Editor in Chief: Moh. Reza Huwaida Friday, June 22nd, 2018

Will Peace Talks Lead to Stability?


Will Peace Talks Lead to Stability?

Terrorism, which hampered democracy in Afghanistan, has been a controversial issue and the peace negotiation came to stalemate after years of fluctuation. Afghanistan’s neighboring countries and international allies promised to broker the talks and bring the Taliban elements to the peace table, but the attempts were proved abortive and militancy continued unabated up to now. The Taliban insurgents intensified their attacks with the establishment of the National Unity Government (NUG) and inflicted heavy casualties upon Afghan soldiers and civilians within the past two years.

The NUG is beset with insurgency and Omar’s second successor Mullah Haibatullah – who is also changed into a reclusive leader – orchestrates attacks against Afghan government. To show a backlash against the Taliban’s heavy offensives, the NUG, unlike former administration, adopted hard policy towards warring parties and carried out deadly attacks. The interminable conflict between the government and militant fighters continue without a positive result. Worst of all, the NATO combat mission ended without the fruition of “war on terror”.

Threatening regional peace and stability, the issue of terrorism involved many countries. Now the public believe that war will lead only to casualties and instability and its cycle will never stop. Therefore, Russia is set to host an international conference on Afghanistan on April 14, 2017 bringing representatives from China, Pakistan, Iran, India and five central Asian countries where they would hold discussions on how to strengthen the peace process in Afghanistan by dragging the defiant Taliban to the negotiations table. This comes as bilateral relations between Afghanistan and the Russian Federation recently soured following the confirmation by Russian officials that Moscow had been in talks with the Afghan Taliban.

The stability of Afghanistan is menaced not only by the Taliban fighters but also by the self-proclaimed Islamic State of Iraq and the Levant (ISIL) group. Little wonder, after gaining firm foothold in Afghanistan, the ISIL group stoked sectarian violence and killed people, including women and children, on the grounds of their race, color and creed and filled the air with a sense of strong fear and disappointment. Hence, the ISIL group intended to destabilize the country and pressurize the government through murdering non-combatants. They also sought to recruit soldiers via poisoning the minds of teenagers, temptation or threat. It is really surprising to see the rapid growth of the ISIL group. The caliphate was announced on June 2014, but some 90 terrorist attacks were either carried out or inspired by ISIL in 21 countries around the globe until early 2016. This reflect the fact that the group is supported by a strong mysterious hand. In Afghanistan, ISIL continues a guerilla-style fighting but if this trend goes on, it will widen the realm of its influence.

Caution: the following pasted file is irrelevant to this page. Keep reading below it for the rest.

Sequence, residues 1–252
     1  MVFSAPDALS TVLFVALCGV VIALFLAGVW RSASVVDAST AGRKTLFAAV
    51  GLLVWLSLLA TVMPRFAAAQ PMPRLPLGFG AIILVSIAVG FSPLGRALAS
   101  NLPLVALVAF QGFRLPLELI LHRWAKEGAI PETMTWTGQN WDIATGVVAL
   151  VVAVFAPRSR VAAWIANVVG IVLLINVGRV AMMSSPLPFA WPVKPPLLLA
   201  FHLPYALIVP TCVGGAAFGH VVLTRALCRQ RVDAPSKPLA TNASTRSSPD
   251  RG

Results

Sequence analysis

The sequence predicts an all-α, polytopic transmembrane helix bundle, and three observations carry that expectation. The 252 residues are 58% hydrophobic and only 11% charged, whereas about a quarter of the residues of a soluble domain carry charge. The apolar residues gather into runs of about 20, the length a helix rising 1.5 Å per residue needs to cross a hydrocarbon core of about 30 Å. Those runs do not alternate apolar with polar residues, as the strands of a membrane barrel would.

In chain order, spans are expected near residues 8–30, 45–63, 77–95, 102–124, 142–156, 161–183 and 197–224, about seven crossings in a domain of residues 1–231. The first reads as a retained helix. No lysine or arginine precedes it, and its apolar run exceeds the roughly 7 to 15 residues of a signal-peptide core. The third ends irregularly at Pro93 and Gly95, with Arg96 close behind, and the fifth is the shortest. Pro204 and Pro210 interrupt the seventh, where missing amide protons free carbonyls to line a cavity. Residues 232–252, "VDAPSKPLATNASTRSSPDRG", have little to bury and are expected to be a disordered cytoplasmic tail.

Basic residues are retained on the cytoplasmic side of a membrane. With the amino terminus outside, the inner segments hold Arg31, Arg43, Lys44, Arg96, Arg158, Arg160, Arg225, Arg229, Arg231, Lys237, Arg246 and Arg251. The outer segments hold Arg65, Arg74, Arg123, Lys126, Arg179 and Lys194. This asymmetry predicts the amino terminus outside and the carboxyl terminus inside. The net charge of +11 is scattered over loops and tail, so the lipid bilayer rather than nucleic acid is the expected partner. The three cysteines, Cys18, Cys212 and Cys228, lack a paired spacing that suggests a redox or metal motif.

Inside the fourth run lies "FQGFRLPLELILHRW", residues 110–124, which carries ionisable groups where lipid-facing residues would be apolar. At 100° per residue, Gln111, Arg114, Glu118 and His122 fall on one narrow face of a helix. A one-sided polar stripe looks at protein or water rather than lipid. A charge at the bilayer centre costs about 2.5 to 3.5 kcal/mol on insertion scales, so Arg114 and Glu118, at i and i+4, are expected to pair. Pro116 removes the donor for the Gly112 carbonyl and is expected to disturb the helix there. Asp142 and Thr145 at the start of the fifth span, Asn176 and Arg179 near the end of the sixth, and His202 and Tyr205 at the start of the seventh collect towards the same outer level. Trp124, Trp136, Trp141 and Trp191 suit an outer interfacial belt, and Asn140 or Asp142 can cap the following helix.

Both the issue of the Taliban and ISIL groups will be discussed in the upcoming conference. But the question is that will this conference bear the desired fruit?

It is the third conference being hosted by Moscow but the issue of terrorism remains as serious as ever before. No wonder, if the Taliban do not show the green light, such conferences will be void of a tangible result. Secondly, the trust between the Taliban and Afghan government has been eroded since the militants played foul game within more than a decade and even killed the head of Afghan High Peace Council (HPC) Professor Burhanuddin Rabbani on September 20, 2011. They did not cease violence and bloodshed, either. It is believed that pushing the Taliban to hold a genuine peace talk with Afghan government will be far significant.

In fact, the armed opposition groups, which violate the rights of people and destroy buildings, are not called political parties and will hardly make a peace agreement with government. In other words, the insurgents do not favor diplomacy over militancy and try to impose their words by the barrel of gun. Furthermore, their aggressive ideology pigeonholes both the nation and state to justify their acts of violence. In short, they are ideologue and/or militant outfit rather than political one. Just think of the ISIL group, will it hold negotiation with countries? The answer is negative for its highly fundamental ideology.

Considering these issues, Afghan nation nurtures no gleam of hope for such conferences for repeated failures. Their rights and freedoms were trampled upon despite the establishment of democratic administration. They flocked to ballot boxes within three rounds of presidential elections dreaming for a society void of violence and bloodshed. On the other hand, the government vowed to “establish an order based on the peoples’ will and democracy; form a civil society void of oppression, atrocity, discrimination as well as violence, based on rule of law, social justice, protecting integrity and human rights, and attaining peoples’ freedoms and fundamental rights”. These commitments are yet to be fulfilled.

It is likely that terrorist groups are the greatest obstacle before democracy and show no willing to peace talks. Furthermore, they do not observe the rule of war and violate human rights and humanitarian law flagrantly. In such a case, there seems no way left for Afghan government other than practicing upon the well-known maxim “if you want peace, prepare for war”. So, the regional and international countries had better strengthen Afghanistan militarily for the elimination of terrorism.

Hujjattullah Zia is the permanent writer of the Daily Outlook Afghanistan. He can be reached at zia_hujjat@yahoo.com

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